Gender Based Violence Feature
How to apply for a protection order
In terms of the Domestic Violence Act, 1998, if you feel you’re a victim of any act of domestic violence, you can approach your local magistrate court in bringing an application for a protection order.
Domestic violence is an ongoing pattern of coercive control that can increase in severity over time.
Victim and perpetrator often share financial, social and familial ties, complicating matters.
Physical abuse may include shoving, slapping, punching, kicking, throttling and biting; assault with objects or a weapon; emotional and psychological abuse; verbal abuse; and sexual abuse including rape, attempted rape or indecent assault.
A protection order specifies the conditions an abuser must adhere to as specified by the courts, for example: Not commit any act of domestic abuse; Pay you rent, mortgage or other monies such as child support; and Hand over firearms or weapons to police.
Before obtaining a protection order, you need to apply for an interim protection order.
The interim order specifies the date at which the final order will be considered.
You don’t need to lay a criminal charge to obtain a protection order. However, if you’re a victim of a type of domestic abuse that’s also a crime, you can apply for a protection order, lay a criminal charge or both.
If your abuser breaches or breaks the protection order conditions, they will be charged with contempt of court.
This applies even if the breach is not a crime, such as controlling behaviour. If it involves a crime, such as assault, the abuser can be charged with contempt of court and assault.
The first step is completing Form 2: Application for a Protection Order, available at police stations, courts and on the Justice and Constitutional Development website.
Police should also give you Form 1 which explains your rights. If you’re hurt or need a different place to stay, they must help you get medical attention and find a place of safety.
Any court that covers the area in which you live or work, or in which your abuser lives or works, or the area in which any incidents of abuse took place, can grant a protection order.
Someone else can apply on your behalf but need your written permission.
If you’re under 18, mentally impaired, unconscious or unable to give permission for any other reason, someone can apply for you.
Once Form 2 is completed and certified, you take it to the clerk of the court, who will fill out Form 4: Interim Protection Order and set a return date for the case.
The magistrate might meet you before granting the order to ask questions.
You may have to return a day or two later to find out if the interim order has been granted.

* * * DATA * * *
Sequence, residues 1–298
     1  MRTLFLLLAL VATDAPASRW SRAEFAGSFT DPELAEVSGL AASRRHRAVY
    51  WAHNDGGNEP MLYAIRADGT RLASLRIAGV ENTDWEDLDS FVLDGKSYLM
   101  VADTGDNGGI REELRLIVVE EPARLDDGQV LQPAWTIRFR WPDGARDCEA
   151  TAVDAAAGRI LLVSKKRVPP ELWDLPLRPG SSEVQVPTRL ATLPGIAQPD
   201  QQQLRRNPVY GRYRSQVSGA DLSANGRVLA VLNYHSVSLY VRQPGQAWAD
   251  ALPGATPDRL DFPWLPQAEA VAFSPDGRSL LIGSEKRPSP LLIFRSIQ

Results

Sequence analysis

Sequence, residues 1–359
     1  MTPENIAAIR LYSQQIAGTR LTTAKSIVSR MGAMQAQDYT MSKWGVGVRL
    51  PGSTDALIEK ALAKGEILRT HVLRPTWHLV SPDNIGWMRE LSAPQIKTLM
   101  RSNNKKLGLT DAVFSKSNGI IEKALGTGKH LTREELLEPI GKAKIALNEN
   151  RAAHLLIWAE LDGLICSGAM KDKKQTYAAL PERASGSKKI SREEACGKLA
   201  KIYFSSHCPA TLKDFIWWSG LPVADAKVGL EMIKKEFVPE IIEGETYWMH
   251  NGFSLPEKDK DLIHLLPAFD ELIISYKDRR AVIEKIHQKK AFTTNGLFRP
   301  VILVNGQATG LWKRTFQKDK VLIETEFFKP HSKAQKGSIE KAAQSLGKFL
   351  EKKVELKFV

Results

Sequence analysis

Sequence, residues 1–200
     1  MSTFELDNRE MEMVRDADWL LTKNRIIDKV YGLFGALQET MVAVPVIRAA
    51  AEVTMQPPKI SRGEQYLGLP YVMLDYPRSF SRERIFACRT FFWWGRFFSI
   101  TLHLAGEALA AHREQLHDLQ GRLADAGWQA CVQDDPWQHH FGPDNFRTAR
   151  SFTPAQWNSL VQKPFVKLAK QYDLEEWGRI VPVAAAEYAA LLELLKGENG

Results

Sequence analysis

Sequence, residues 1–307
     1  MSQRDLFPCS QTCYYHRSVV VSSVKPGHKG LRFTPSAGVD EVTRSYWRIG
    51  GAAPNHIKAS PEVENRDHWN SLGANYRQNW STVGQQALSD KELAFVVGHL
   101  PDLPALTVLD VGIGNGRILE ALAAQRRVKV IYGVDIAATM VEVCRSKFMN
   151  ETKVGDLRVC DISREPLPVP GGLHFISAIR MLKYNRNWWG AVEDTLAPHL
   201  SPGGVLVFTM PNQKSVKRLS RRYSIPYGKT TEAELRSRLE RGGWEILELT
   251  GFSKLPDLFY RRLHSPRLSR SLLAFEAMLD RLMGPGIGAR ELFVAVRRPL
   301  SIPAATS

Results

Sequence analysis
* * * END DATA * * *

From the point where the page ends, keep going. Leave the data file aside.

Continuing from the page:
Once granted you’ll receive a copy and it will be served on your abuser by police, or, for a fee, the sheriff.
The interim order doesn’t come into effect until served.
Once the clerk has received a “return of service” document confirming serving, they must give you a certified copy of the interim order and a warrant for the arrest of the abuser (Form 8).
This warrant only comes into effect if your abuser breaks the conditions of the interim protection order. You can have him arrested or charged by giving police the warrant and an affidavit (Form 10).
The interim protection order has a “return date” on it.
On this date you (the applicant) and your abuser (the respondent) may give the court further information about the abuse, and the conditions in the interim order will either be confirmed, changed or set aside, in a final protection order.
The magistrate may decide not to grant an interim protection order. Instead, a notice (Form 5) will be served on your abuser, which will also have a return date.
It will warn your abuser to appear in court on that day and give reasons why a protection order should not be made against him.
In this case, no arrest warrant is issued. On the return date, your final protection order can be granted, remaining in force until an application for setting it aside is granted.
On the return day, your case will be considered in the magistrate’s chambers.
If your abuser doesn’t oppose the order, isn’t present but there’s proof the interim order was served, or if neither of you is present but there’s proof it was served, the final protection order will likely be granted.
If neither of you appear and there’s no proof of service, the interim order will likely be set aside.
If only you appear but there is no proof of service, the interim order will likely be extended.
If only you or both of you appear and request the interim order be set aside, it will be.
If your abuser is present and contests the granting of a final protection order, the case will go to trial.
This article was paid for by Joanne Anthony-Gooden Incorporated.
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